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Multiple Trophic Levels of a Forest Stream Linked to Terrestrial Litter Inputs

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Science  04 Jul 1997:
Vol. 277, Issue 5322, pp. 102-104
DOI: 10.1126/science.277.5322.102

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Abstract

The importance of terrestrial-aquatic linkages was evaluated by a large-scale, 3-year exclusion of terrestrial leaf litter inputs to a forest stream. Exclusion of leaf litter had a strong bottom-up effect that was propagated through detritivores to predators. Most invertebrate taxa in the predominant habitat declined in either abundance, biomass, or both, compared with taxa in a nearby reference stream. However, fauna in moss habitats changed little, indicating that different food webs exist in habitats of different geomorphology. Thus, the ecosystem-level consequences of excluding detrital inputs to an ecosystem were demonstrated. Inputs of riparian detritus are essential for conservation or restoration of diverse stream food webs.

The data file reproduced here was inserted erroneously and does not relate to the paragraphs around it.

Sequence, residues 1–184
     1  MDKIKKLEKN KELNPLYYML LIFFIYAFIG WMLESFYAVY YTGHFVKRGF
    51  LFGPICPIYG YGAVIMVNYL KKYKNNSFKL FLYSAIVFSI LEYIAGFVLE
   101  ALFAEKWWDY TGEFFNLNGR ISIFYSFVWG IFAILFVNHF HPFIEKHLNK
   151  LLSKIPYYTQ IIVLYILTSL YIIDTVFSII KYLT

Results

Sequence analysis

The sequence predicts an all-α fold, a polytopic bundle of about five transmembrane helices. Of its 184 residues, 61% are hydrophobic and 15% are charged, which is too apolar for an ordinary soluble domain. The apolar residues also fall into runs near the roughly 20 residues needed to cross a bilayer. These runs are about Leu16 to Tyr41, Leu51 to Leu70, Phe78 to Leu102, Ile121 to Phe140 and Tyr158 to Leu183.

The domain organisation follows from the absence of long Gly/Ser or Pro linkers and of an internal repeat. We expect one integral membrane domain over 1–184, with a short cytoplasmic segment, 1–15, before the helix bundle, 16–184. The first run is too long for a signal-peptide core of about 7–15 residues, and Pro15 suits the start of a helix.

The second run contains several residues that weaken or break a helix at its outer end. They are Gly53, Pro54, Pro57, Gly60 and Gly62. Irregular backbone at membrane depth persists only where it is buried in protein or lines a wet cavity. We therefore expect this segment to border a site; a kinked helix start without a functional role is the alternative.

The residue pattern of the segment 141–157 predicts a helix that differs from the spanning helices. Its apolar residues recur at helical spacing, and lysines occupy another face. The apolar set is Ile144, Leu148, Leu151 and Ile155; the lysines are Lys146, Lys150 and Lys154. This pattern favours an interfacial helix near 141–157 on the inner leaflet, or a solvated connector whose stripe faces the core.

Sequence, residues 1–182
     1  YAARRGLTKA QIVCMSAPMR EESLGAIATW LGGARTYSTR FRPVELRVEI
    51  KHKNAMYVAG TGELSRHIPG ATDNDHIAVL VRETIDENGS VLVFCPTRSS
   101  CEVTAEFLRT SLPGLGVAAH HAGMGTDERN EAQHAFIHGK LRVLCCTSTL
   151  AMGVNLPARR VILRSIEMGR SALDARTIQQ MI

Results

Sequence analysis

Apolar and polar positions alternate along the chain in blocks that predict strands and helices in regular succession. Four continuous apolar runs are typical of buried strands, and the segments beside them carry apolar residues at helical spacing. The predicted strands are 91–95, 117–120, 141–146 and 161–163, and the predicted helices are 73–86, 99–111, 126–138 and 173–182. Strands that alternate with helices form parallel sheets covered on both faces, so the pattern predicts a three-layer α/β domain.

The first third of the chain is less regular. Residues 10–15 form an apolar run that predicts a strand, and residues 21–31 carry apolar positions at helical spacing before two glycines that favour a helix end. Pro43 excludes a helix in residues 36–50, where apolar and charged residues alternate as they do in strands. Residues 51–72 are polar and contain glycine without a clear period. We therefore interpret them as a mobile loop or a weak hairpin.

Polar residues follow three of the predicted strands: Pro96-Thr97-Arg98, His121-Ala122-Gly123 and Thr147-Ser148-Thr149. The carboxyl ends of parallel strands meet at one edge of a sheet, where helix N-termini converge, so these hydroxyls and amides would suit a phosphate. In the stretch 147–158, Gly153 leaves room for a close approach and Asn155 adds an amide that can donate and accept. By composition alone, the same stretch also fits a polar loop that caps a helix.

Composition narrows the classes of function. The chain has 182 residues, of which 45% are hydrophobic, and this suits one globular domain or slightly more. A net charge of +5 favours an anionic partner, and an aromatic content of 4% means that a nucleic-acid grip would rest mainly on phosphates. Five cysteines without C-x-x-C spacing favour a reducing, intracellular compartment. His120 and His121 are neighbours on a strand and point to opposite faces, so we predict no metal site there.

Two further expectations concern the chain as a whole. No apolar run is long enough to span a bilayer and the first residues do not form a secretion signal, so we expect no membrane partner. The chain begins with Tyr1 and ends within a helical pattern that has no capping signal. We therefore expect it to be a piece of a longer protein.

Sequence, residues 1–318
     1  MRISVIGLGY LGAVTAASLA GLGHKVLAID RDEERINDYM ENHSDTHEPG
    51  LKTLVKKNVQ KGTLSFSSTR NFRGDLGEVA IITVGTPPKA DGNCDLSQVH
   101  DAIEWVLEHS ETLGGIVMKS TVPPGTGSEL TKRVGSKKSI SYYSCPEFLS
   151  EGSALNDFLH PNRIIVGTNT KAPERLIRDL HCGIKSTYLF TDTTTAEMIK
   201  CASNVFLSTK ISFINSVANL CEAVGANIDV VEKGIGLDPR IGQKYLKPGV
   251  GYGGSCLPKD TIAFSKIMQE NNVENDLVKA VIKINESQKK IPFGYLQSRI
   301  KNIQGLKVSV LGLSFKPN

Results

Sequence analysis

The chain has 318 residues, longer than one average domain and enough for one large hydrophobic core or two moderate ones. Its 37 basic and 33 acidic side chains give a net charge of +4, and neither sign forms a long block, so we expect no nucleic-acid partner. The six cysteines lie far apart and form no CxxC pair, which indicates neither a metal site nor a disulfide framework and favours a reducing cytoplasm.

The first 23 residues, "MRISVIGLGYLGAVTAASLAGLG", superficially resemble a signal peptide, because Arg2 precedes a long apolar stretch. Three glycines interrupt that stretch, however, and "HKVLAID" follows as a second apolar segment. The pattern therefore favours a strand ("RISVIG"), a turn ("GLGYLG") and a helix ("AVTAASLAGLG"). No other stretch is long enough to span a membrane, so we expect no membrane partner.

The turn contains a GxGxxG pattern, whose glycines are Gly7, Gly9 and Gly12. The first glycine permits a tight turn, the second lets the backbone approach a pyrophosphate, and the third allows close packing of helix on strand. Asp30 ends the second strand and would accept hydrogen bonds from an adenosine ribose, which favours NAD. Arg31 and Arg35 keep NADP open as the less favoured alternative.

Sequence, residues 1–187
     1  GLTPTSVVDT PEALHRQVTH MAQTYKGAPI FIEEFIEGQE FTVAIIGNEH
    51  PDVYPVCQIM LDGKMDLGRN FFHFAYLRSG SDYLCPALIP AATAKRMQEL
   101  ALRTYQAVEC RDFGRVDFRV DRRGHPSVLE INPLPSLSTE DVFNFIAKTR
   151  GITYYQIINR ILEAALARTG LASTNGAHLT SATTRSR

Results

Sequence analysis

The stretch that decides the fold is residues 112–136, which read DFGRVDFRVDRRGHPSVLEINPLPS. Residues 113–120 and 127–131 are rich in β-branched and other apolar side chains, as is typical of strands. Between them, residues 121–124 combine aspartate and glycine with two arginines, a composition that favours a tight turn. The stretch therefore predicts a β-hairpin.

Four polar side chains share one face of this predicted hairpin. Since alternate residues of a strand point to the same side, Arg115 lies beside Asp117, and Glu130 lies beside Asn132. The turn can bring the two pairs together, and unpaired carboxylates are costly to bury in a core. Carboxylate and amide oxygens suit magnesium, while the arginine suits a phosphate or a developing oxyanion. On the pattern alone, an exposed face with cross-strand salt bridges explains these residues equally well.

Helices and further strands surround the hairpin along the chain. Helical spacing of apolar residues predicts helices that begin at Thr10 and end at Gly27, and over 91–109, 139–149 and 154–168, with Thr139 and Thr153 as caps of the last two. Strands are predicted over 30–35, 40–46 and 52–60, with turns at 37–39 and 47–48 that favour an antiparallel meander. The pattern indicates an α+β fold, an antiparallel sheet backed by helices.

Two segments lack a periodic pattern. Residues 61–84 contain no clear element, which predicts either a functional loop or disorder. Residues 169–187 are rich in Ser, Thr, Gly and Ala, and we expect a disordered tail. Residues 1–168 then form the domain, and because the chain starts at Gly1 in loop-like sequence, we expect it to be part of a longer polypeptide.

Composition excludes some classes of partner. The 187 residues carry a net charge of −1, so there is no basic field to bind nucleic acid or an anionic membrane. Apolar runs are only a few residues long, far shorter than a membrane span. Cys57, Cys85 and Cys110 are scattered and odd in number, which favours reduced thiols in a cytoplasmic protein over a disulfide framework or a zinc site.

• * To whom correspondence should be addressed. E-mail: wallace{at}sparc.ecology.uga.edu

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